As easy performance advances slow down, chip designers are turning to specialized processors for neural networks, self-driving cars, and the Internet of Things to make progress in electronics design.

Moore’s Law, the 1965 prediction by Intel chairman emeritus Gordon Moore that the number of components will double every year, isn’t quite what it used to be. As a result, the easy gains in performance that chip makers used to enjoy with every new generation are harder to come by, said Linley Gwennap, principal analyst at the Linley Group.

Vision processing is needed for face recognition.

Above: Vision processing is needed for face recognition.

Image Credit: The Linley Group

Speaking at the Linley Processor Forum in Santa Clara, California, Gwennap said that Moore’s Law is only for the rich. Big chip makers like Intel can afford the multibillion-dollar investments in chip factories to stay on the edge in manufacturing, which yields faster, cheaper, and smaller chips with each generation of chip-making equipment. Costs are rising rapidly, and only those who can charge a lot of money for chips will move to 14-nanometer or 10-nanometer manufacturing from the current 28-nanometer mainstream technology today.

In some ways, this slowdown in tech progress is forcing designers to be more thoughtful. They have to conceive architectural breakthroughs for chips, rather than rely on manufacturing advances. In the past, only general-purpose processors had the manufacturing volumes to justify the investment in factories. But now, designers have to create specialized processors.

And the payoff can be big in more custom designs. Gwennap said that the special designs can improve performance per watt, a measure of power efficiency, by 10 times to 100 times.

Vision processors have become important in the past few years with the rise of image recognition tasks in computing. Self-driving cars need them to see bicyclists and pedestrians. Computers need them to recognize faces. Game consoles need them to parse voices. Companies that provide these vision processors include Cadence, Ceva, Synopsys, and VeriSilicon. Freescale acquired Cognivue and Intel bought Movidius to stay current in this space.

Linley Gwennap, founder of the Linley Group.

Above: Linley Gwennap, founder of the Linley Group.

Image Credit: Dean Takahashi

Neural network processors have also become fashionable, with the successes in training brain-like networks for artificial intelligence. Google developed its own custom chip for TensorFlow; Wave Computing is talking about a new chip this week; Nvidia introduced its first AI processors this year; IBM is using brain-like chips for AI processing; and Intel acquired Nervana Systems for AI processing.

Meanwhile, Intel dominates the server chip market, which generated $10 billion in 2015. Gwennap said that Intel has 99 percent of the server chip market, prompting renewed competition, since server vendors don’t want to be dependent on just one supplier, Gwennap said. IBM, ARM, and Advanced Micro Devices continue to try to outfox Intel with more power-efficient server chip designs. Qualcomm and Broadcom are expected to launch ARM-based server chips in 2017, Gwennap said. In servers, network interface cards are offloading work from the CPUs. But memory chip speeds are relatively slow and remain a big bottleneck in servers.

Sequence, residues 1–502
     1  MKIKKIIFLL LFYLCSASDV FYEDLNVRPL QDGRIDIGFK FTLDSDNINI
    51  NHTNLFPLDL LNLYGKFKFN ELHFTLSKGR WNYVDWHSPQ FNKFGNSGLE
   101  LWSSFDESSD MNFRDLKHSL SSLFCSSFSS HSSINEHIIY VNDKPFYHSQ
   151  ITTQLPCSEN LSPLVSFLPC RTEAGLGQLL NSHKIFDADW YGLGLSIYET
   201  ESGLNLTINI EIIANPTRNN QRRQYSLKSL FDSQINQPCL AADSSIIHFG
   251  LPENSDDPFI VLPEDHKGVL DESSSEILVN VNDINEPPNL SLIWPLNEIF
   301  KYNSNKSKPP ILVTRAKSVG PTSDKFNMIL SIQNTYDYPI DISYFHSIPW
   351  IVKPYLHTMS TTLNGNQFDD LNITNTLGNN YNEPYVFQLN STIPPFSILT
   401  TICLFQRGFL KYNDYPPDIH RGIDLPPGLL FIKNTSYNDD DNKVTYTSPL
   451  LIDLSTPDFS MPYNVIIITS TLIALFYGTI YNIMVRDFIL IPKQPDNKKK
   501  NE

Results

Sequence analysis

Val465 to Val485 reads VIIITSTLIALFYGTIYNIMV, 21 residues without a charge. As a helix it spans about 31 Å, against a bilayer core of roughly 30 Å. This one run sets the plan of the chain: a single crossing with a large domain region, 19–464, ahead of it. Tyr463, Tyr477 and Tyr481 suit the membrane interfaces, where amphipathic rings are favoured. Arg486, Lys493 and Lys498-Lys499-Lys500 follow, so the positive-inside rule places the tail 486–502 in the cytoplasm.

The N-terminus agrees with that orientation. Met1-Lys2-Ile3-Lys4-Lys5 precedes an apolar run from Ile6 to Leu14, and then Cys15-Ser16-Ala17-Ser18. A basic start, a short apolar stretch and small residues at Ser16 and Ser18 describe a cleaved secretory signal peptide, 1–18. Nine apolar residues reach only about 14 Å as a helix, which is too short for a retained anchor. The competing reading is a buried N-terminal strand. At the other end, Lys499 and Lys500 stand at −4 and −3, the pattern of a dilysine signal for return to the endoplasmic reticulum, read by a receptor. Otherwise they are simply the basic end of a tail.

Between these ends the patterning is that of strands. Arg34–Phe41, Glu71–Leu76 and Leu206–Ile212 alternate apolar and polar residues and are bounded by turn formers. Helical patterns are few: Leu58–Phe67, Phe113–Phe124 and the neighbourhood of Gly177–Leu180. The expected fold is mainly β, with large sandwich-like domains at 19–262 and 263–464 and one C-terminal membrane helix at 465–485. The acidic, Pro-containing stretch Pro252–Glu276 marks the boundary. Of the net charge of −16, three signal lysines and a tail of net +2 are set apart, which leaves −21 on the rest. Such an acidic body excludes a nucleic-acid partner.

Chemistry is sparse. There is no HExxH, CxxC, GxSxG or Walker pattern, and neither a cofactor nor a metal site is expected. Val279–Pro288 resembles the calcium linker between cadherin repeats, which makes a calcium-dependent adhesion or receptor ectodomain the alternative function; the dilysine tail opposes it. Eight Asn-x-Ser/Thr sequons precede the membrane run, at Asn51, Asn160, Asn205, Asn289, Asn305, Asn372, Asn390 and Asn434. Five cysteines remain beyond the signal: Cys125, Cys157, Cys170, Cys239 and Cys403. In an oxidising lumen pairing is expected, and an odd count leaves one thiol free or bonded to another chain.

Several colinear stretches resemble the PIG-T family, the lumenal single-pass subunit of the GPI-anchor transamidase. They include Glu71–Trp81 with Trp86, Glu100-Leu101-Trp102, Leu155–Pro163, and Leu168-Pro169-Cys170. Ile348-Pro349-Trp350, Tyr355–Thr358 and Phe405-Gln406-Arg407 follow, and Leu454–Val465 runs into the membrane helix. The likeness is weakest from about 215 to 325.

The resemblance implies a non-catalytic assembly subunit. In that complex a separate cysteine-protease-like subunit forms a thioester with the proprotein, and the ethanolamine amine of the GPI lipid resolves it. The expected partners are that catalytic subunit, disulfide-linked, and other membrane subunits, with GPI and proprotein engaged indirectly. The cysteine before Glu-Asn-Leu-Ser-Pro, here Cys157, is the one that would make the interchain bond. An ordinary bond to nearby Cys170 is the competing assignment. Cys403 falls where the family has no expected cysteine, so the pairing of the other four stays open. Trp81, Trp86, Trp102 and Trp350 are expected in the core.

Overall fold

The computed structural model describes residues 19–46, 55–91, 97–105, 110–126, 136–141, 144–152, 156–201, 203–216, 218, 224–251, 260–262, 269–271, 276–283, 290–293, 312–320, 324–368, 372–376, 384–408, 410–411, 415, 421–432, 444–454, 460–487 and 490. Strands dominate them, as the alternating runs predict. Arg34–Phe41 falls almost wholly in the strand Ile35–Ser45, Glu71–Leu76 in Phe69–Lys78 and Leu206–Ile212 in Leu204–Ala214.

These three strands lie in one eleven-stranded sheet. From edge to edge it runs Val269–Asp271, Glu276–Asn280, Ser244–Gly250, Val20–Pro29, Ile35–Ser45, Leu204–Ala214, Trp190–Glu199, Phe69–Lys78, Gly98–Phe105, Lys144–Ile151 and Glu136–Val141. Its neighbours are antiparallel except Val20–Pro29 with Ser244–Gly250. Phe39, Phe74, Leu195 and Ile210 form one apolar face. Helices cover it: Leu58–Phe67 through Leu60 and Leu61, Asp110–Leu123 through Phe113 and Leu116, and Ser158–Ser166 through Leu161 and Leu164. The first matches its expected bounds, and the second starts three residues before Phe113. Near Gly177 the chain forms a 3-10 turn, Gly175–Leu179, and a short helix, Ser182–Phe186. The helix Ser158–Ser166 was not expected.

Gwennap said he believes that the Internet of Things, or making everyday objects smart and connected, will provide a big opportunity for chip makers who can provide everything from sensors to the processors required to interpret the data they collect. As cities implement everything from smart street lights to smart parking meters, the demand for processors will rise into the billions of units.

Fergus Casey, senior R&D manager for ARC Processors at Synopsys, said in a talk at the conference that the Internet of Things opportunity will be big, but security will become more important for the processors and sensors that deliver smart infrastructure.

“There is no silver bullet to security at the edge,” Casey said. “You really have to look at multiple layered lines of defense.”

Self-driving cars will also require a combination of vision processors and complex data analysis. No longer will simple microcontrollers from years past be able to handle the huge workloads in cars.

“You may need a neural network and a combination of multiple processors,” Gwennap said.

He predicted that the first partially autonomous vehicles will appear in 2018, compared to the driver pilot assist options from Volvo and Tesla today. And Ford promises a fully autonomous vehicle by 2021. Based on that timeline, Gwennap predicts the hardware electronics in a car will rise to a $5,000 bill of materials cost by 2022. That cost is OK if a taxi service can save $30,000 a year per car on driver pay.

That means that chip designers will have a lot of work to do, and they’ll be busy for years to come, whether Moore’s Law helps them out or not.